Q: I am looking for information on Margaret Walton of Iron Hill?
— Corrine Vanicky
A: This young lady became an acclaimed astronomer with an international following, this taking place in an era when women were not expected to become professional researchers. But the girl who grew up in Iron Hill rose through the ranks of the discipline, leading the American Association of Variable Star Observers and doing significant published research at Harvard, which brought international acclaim for her work.
Margaret Walton was born in Iron Hill on January 27, 1902. Of the place where her father operated the general store, she said in an oral history.
“It is not even a town, just a country place halfway between North and south . . . . I was from just south of the Mason Dixon Line, almost on it.” When the interviewer asked when she became interested in the stars, she recalled:
“Well, a slight interest of course from Halley’s Comet, that was around 1910. My father got me up in the early morning and we went out and watched it. He was always interested in nature. I don’t think, in fact, I’m sure he didn’t know too much about astronomy although he recognized constellations and knew something of the stars and the weather and was always very much interested. But I didn’t have any definite interest until I got to college, and I was taking math as a junior at the University of Delaware. First, I did go to high school in Maryland, in a very large class of 13 graduating, when I graduated.”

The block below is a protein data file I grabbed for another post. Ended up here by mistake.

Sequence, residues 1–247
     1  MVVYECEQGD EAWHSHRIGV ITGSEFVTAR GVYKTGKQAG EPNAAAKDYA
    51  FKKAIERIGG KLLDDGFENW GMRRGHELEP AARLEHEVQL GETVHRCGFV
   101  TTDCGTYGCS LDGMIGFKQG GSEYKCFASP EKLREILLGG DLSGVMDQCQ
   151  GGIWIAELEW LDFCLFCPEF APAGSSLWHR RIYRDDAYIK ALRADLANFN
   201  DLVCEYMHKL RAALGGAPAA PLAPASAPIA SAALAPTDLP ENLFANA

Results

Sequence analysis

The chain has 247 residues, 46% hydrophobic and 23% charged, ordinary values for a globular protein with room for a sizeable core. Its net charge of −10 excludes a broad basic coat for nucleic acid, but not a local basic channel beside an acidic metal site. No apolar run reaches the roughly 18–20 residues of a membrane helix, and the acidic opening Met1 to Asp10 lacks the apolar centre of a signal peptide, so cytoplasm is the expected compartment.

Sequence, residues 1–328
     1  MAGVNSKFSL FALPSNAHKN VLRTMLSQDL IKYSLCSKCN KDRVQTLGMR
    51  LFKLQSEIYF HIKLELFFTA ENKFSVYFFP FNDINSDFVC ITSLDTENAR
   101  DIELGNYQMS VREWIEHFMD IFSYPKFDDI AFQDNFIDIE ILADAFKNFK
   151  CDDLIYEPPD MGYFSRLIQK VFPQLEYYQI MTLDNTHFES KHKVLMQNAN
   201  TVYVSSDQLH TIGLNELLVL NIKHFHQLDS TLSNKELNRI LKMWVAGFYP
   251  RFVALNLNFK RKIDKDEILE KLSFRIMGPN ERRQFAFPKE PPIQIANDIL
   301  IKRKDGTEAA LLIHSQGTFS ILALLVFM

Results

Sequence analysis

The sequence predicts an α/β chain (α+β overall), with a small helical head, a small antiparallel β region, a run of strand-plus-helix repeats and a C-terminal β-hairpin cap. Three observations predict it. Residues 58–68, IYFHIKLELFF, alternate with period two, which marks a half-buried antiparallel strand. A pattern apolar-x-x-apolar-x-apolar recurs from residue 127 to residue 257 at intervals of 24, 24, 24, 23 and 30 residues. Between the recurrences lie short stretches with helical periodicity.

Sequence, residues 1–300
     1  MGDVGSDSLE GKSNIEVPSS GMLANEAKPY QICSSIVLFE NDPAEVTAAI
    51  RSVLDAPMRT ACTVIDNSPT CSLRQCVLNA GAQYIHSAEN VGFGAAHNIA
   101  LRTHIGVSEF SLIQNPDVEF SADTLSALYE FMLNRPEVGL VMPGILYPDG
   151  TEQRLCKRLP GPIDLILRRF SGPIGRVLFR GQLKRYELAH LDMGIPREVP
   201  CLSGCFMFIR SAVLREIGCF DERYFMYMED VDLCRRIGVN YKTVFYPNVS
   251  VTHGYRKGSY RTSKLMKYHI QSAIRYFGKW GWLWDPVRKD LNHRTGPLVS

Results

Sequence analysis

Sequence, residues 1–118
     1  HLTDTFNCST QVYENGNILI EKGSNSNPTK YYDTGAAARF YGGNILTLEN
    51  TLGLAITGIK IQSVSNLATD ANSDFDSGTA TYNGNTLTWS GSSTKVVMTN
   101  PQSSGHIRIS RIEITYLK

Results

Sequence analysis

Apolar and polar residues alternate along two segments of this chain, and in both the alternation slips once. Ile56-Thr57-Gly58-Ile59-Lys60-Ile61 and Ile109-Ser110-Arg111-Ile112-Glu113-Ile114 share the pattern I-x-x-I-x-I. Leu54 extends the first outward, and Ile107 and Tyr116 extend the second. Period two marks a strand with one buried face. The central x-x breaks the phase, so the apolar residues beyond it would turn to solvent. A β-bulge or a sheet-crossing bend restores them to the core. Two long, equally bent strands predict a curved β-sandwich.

After attending the University of Delaware, she moved to Swarthmore College as her interest in astronomy grew. She started working at Harvard Observatory with Annie J. Cannon of Delaware and other women doing research in the discipline. The scientist married Newton Mayall, becoming Margaret Walton Mayall. The internationally acclaimed astronomer died in 1995, at the age of 93, according to the American Astronomical Society.
— Mike Dixon